Presentation on theme: "MLA STYLE. Orientation Plan Citations within your paper Plagiarism Works cited list."— Presentation transcript:
Orientation Plan Citations within your paper Plagiarism Works cited list
Key Book Gibaldi, Joseph. MLA Handbook for Writers of Research Papers. 7th ed. New York: Modern Language Association of America, Call number: Reference: LB 2369.G
Citations within your paper Two types: quotations and paraphrases.
Citations within your paper How to quote: chapter 3.7 Basics: double quotes around words. If you mention author’s name, no need for author in parentheses. If you don’t, put author’s name in parentheses. Either way, put a page number(s) in parentheses. Also, if quote is longer than four lines, begin new line, set off by ten spaces, and do not use quotes.
Citations within your paper Quotations: examples Short: “He was obeyed,” writes Joseph Conrad of the company manager in Heart of Darkness,“ yet he inspired neither love nor fear, nor even respect” (87).
Citations within your paper Long quotation: At the conclusion of the Lord of the Flies, Ralph and the other boys realize the horror of their actions: The tears began to flow and the sobs shook him. He gave himself up to them now for the first time on the island; great, shuddering spasms of grief that seemed to wrench his whole body. His voice rose under the black smoke before the burning wreckage of the island; and infected by that emotion, the other boys began to shake and sob too. (186)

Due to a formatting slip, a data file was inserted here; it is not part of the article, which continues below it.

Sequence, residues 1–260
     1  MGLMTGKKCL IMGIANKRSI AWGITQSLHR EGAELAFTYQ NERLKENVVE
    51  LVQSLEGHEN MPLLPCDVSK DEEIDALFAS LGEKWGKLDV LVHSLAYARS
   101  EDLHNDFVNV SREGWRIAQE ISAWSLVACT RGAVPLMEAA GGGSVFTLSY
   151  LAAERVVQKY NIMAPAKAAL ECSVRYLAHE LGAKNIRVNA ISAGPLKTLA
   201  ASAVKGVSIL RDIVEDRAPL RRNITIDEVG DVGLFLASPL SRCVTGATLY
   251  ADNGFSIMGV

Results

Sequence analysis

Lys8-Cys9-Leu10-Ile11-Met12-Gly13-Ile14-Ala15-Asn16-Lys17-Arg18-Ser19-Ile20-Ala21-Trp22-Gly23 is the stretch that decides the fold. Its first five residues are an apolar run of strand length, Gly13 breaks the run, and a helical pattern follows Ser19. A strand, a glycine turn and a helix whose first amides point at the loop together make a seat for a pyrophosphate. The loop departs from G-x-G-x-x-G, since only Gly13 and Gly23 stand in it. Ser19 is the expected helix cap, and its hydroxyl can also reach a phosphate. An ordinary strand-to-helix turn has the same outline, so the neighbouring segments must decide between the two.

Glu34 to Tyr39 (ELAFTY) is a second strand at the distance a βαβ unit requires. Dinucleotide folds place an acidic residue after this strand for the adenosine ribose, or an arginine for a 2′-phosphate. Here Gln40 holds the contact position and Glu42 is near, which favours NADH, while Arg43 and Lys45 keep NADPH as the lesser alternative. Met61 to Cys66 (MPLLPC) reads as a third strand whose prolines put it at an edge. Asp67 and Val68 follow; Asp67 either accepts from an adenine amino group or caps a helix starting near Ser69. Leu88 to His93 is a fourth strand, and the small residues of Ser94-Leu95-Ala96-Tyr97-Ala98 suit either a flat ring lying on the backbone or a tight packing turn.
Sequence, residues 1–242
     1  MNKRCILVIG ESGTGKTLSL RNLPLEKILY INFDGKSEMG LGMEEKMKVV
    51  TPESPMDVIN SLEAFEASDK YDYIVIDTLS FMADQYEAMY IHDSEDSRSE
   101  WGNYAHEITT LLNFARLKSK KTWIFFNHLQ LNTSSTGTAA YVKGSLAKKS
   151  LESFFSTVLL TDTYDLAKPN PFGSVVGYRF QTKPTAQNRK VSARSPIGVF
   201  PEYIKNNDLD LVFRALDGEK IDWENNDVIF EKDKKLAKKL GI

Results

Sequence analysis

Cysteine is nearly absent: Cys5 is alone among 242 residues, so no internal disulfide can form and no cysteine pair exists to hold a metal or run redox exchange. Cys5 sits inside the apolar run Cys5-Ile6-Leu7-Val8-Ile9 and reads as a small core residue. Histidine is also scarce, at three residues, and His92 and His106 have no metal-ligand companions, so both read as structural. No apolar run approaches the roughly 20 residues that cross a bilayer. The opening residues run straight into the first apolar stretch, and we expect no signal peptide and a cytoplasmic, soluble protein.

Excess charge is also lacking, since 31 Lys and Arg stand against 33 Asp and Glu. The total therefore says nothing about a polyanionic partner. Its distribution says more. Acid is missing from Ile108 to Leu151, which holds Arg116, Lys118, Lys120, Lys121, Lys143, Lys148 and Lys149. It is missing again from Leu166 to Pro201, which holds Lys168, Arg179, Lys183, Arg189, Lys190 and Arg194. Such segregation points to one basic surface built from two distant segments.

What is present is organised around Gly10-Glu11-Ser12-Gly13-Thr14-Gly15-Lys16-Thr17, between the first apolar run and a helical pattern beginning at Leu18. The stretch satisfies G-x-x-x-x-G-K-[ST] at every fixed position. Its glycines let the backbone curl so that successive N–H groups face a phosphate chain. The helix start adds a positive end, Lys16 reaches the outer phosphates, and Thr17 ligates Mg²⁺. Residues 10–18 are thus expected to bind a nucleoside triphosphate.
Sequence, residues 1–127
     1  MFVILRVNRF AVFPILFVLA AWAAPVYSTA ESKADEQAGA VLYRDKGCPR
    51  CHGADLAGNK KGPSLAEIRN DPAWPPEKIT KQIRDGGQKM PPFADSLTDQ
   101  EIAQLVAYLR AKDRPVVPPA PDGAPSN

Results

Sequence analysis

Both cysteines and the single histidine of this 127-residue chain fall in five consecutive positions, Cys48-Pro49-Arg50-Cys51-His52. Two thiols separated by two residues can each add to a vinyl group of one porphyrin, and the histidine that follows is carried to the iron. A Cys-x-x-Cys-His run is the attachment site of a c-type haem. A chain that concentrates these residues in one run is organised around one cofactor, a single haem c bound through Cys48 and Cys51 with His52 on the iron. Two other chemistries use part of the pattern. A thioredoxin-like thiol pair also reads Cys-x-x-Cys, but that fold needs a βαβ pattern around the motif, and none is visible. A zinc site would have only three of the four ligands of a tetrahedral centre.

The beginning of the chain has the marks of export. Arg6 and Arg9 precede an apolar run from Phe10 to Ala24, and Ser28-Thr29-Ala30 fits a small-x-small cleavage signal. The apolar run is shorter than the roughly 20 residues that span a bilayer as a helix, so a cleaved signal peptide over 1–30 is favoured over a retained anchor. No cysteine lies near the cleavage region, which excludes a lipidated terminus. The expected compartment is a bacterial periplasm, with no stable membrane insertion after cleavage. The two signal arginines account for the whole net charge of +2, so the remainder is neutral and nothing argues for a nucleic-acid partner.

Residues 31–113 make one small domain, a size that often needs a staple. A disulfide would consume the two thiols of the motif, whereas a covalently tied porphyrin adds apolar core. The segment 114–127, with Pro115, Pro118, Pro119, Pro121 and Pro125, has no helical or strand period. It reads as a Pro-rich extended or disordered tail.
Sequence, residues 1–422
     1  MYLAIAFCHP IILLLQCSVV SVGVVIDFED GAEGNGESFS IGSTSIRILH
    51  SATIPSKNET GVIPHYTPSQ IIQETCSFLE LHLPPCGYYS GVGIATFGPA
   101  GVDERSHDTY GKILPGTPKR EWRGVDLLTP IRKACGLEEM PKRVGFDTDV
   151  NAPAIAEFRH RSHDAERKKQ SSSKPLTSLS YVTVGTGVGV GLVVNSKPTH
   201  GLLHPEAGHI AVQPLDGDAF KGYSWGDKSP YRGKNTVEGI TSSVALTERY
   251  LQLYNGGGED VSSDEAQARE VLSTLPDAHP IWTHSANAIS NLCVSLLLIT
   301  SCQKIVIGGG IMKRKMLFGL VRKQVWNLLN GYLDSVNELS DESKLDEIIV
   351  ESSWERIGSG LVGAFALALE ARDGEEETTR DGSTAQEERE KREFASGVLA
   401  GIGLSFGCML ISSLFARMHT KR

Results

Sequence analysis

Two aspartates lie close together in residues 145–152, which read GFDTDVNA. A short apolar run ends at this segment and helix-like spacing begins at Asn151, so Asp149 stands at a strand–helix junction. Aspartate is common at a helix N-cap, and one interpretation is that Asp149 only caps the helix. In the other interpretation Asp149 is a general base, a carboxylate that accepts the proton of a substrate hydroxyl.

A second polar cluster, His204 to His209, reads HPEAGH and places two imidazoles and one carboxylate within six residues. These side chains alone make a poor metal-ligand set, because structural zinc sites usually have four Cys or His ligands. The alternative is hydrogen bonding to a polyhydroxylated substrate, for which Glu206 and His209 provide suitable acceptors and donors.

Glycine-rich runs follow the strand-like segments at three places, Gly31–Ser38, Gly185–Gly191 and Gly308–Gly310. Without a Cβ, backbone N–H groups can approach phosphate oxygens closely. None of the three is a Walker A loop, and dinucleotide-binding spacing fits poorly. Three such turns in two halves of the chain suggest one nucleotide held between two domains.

Citations within your paper For more specifics on quotations, such as how to quote poetry, see 3.7 of the handbook.
Citations within your paper Paraphrases Basics: Tied into the works cited list which is coming next. The author’s name followed by page number in parentheses : (Swift 29).
Citations within your paper Example of a paraphrase; This point has already been argued (Tannen ). If you mention the author’s name within your paper, you only need to give the page number (23). For more specifics, for example on books with more than one author, or books with no author, see chapter 6.
Plagiarism Using someone else’s words or ideas without giving them credit, without saying where the words came from. Plagiarism is on a continuum from unintentional use of an idea to deliberate turning in of someone else’s essay as your own. Some ideas and facts are so well established you need not cite a source. For example, Barrack Obama was elected president. If you are not sure however, err on the side of caution.
Plagiarism Ohlone on plagiarism: ademicdishonesty.html ademicdishonesty.html
Works cited list Reason for number of details needed Formats for many types of items, such as government documents, sound recordings, interviews, online books, and more. Electronic source citations are more complicated. Do your best and expect to have a few mistakes.
Works cited list Automatic generators; databases, Word, and others – use with caution
Works cited list Basics: df df Book, journal article, database article
Works cited list Tutorial: al/flash/citation.html al/flash/citation.html Try it out